Posts tagged yield curve
Value Strikes Back

That screeching sound you heard in equities last week was caused by a train wreck underneath the surface of a steady uptrend in the market as a whole. The hitherto outperformance of growth and momentum reversed sharply, a move that coincided with a steeper curve and a tasty outperformance of value and small caps. The dramatic rotation across equity sectors, and the steepening yield curve, vindicate the story peddled on these pages recently. But the question is whether this is the beginning of a sustainable shift in markets, or whether it’s merely an invitation to buy the dip in an eternally winning strategy? It’s difficult to say. Robert Wiggleworth’s expertly written overview of the flurry in the FT certainly suggests that strategists have taken note, equating last week’s gyrations to the so-called “Quant Quake” in 2007. Apart from the fact that the event is significant enough to merit at least a small footnote in modern finance history, the quotes garnered by Robin indicate that strategists are at least mulling the idea that the shift has legs. This, in turn, presumably means that they’re advising their clients to run with the reversal, which almost surely would do nicely for the portfolio

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Not long now

Too many themes have caught my attention recently, so I’ll stick with some points on markets this week, leaving my more discursive thoughts for later. I think two things currently are serving to make sure that markets resemble deer caught in the headlights. For starters, Mr. Trump’s Twitter feed is keeping everyone on edge, whether they like it not. Markets clearly are moving as he tweets—no matter how crazy the statements—and to the extent that the president is using his executive powers to affect policy, he is liable to announce it on Twitter, even if he does decide not to go ahead. This makes Trump’s twitter feed a bit like nonfarm payrolls. Everyone knows that it is a lagging indicator, that it is heavily revised, and notoriously volatile due to seasonal adjustment and sampling issues. Still, knowing the headline in advance can make you a lot of money. In short; traders have to stay alert to Mr. Trump’s volatile ramblings. Secondly, markets are waiting for the decisions by the Fed and the ECB later this month. Further easing is all but guaranteed from both central banks, but expectations are elevated, increasing the risk of a disappointment. In any case, it is fair to say that whatever they actually do this month, the guidance from messieurs Powell and Draghi will be just as important as the actual actions taken by the FOMC and ECB.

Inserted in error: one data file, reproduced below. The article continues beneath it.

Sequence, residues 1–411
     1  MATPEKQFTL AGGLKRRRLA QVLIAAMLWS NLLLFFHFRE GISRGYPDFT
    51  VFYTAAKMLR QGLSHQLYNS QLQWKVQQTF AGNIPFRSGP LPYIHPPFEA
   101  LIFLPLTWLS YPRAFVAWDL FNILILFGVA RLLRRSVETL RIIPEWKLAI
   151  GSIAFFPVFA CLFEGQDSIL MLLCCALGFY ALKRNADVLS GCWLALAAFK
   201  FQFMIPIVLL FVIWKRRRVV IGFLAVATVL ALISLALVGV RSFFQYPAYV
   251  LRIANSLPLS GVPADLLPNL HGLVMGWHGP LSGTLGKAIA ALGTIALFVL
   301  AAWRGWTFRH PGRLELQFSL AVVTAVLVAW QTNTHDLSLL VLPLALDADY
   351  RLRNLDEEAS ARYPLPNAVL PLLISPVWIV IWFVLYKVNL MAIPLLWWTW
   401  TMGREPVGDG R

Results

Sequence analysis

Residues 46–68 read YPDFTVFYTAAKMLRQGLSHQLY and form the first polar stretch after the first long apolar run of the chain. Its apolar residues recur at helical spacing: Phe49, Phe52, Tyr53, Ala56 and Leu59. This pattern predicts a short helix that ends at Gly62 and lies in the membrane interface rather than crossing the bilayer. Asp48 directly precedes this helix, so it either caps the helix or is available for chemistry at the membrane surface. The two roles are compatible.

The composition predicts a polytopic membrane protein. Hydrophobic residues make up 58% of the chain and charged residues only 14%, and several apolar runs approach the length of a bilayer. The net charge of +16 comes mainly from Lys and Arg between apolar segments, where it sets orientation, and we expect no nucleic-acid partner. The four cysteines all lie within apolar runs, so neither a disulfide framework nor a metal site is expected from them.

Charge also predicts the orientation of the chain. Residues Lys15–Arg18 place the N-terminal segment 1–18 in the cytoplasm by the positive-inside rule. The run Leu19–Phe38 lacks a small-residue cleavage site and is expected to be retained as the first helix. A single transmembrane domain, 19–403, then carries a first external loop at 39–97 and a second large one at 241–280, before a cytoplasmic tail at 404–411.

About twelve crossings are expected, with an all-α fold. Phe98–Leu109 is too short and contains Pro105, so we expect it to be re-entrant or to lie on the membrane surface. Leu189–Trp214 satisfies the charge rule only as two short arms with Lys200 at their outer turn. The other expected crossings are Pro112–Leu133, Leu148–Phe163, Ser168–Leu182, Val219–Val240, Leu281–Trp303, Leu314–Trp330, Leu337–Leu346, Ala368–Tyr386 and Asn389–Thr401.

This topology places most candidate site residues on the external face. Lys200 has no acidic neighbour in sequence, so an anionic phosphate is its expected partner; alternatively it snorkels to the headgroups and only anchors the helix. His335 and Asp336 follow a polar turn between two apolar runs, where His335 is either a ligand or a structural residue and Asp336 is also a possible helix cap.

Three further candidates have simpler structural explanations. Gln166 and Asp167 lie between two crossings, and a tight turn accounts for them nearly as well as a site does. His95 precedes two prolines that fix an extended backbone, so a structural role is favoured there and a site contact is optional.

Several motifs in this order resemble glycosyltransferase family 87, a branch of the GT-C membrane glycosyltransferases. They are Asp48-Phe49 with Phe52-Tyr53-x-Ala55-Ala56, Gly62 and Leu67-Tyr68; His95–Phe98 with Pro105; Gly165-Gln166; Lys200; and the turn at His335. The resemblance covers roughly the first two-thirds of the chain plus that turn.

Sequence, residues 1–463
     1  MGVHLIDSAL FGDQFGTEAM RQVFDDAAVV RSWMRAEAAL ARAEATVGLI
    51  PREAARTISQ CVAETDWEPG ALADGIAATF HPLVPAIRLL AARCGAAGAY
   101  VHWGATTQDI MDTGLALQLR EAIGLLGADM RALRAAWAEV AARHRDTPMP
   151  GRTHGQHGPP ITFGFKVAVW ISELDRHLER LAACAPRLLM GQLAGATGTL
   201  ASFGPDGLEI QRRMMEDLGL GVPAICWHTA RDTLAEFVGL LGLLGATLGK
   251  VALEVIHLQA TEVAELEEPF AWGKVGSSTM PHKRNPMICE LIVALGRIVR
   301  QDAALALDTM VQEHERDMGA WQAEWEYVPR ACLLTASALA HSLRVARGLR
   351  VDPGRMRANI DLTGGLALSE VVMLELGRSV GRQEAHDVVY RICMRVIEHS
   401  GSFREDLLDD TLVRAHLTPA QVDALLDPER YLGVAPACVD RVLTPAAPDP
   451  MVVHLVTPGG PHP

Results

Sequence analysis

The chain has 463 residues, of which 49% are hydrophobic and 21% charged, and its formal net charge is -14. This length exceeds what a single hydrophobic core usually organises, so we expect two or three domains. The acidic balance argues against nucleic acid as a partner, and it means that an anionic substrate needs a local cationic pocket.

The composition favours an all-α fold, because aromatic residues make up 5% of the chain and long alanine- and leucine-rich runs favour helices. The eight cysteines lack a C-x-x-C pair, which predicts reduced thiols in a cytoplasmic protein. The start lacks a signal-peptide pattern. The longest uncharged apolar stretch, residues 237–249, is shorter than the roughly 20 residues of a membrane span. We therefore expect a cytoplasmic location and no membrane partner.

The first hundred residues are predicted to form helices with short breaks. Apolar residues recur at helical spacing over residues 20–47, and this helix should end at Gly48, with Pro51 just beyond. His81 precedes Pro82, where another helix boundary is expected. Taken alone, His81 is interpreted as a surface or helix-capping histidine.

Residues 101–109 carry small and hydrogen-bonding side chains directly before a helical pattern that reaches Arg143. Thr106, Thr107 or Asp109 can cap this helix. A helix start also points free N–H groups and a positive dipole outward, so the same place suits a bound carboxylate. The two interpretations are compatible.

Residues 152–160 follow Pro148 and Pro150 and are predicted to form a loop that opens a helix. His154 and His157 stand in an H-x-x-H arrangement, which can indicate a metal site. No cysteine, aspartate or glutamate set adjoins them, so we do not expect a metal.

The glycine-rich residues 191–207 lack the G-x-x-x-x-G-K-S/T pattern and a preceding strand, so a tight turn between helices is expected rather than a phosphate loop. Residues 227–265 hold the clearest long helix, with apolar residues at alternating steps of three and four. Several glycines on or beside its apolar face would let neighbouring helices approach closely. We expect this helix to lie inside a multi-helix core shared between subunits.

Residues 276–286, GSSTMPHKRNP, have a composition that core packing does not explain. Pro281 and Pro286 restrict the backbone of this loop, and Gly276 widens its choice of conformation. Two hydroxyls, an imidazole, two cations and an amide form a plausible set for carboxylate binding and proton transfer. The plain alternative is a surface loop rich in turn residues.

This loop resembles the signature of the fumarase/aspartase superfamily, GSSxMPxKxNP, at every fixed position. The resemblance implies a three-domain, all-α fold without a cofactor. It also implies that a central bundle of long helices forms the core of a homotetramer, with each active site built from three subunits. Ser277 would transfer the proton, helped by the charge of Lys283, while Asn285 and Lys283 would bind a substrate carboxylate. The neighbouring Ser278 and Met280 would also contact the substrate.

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Circular Reasoning

It’s easy to trip over trying to formulate a market narrative at the moment. One interpretation of the dramatic decline in global bond yields is that the smart money is de-risking their portfolios ahead of global slowdown and a rout in equities and credit. The ramp-up in the global trade wars, and still-soggy economic data seem to confirm this version of the narrative, but it is also a somewhat naive story. The global economy is not in perfect shape, but it is hardly on the brink of a recession, especially not since it is usually coordinated tightening by central banks that push the major economies over the edge in the first place. The market is now pricing-in one-to-two rate cuts by the Fed this year, and three in 2020. The money market curve in the Eurozone is even starting to price in the idea that the ECB will further scythe its deposit rate below -0.4%. The argument in the U.S. is particularly delicious. Last year, the consensus was angling for a recession in 2020 based on the idea that the Fed was in search for a “neutral” FF rate at about 3%. Now that the Fed has thrown in the towel, the idea is that it will cut rates to prevent the recession that it itself was supposed to have sown the seeds for in the first place, by hiking interest rates.

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The End of Easy Street

One great quarter down, only three to go to wash away the horror show of 2018. The portfolio did well, though it is still bogged down by a number of single names which are beginning to look a lot like value traps, of the nastiest kind. I am, as ever, optimistic about redemption in coming quarters, but I fear that the retired Macro Man, a.k.a. Bloomberg strategist Cameron Crise, is right when he says that; “the sobering reality for asset allocators is that the returns of balanced portfolios are going to struggle mightily to approach anything like 1Q performance.” It won’t be as easy for punters from here on in, but they’ll do their best.  Bond markets have taken centre stage in recent weeks, aided and abetted by significant dovish shifts in the communication by both ECB and the Fed. The result has been a heart-warming rally in both front-end and long-end fixed income, or a pain trade if you’ve been short, and the U.S. yield curve showing further signs of inversion. The 2s5s went a while a ago and now the 3m/10s is gone too, which, apparently, is a big thing. As per usual, economists and strategists are squabbling on the significance of this price action, and I doubt that I’ll be able to settle anything here, so I will stick with the grand narratives, which are tricky enough. 

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